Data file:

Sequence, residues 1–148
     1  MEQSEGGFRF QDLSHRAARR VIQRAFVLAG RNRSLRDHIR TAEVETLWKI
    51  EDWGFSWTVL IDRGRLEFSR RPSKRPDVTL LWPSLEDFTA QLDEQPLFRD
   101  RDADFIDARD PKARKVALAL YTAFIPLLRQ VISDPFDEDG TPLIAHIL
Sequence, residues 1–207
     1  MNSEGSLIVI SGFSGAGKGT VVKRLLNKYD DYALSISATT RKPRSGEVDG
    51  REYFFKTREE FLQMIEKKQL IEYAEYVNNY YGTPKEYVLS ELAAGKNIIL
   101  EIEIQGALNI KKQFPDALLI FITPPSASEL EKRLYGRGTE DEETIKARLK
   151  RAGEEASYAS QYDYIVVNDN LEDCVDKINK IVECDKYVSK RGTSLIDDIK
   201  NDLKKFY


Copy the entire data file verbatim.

Sequence, residues 1–148
     1  MEQSEGGFRF QDLSHRAARR VIQRAFVLAG RNRSLRDHIR TAEVETLWKI
    51  EDWGFSWTVL IDRGRLEFSR RPSKRPDVTL LWPSLEDFTA QLDEQPLFRD
   101  RDADFIDARD PKARKVALAL YTAFIPLLRQ VISDPFDEDG TPLIAHIL
Sequence, residues 1–207
     1  MNSEGSLIVI SGFSGAGKGT VVKRLLNKYD DYALSISATT RKPRSGEVDG
    51  REYFFKTREE FLQMIEKKQL IEYAEYVNNY YGTPKEYVLS ELAAGKNIIL
   101  EIEIQGALNI KKQFPDALLI FITPPSASEL EKRLYGRGTE DEETIKARLK
   151  RAGEEASYAS QYDYIVVNDN LEDCVDKINK IVECDKYVSK RGTSLIDDIK
   201  NDLKKFY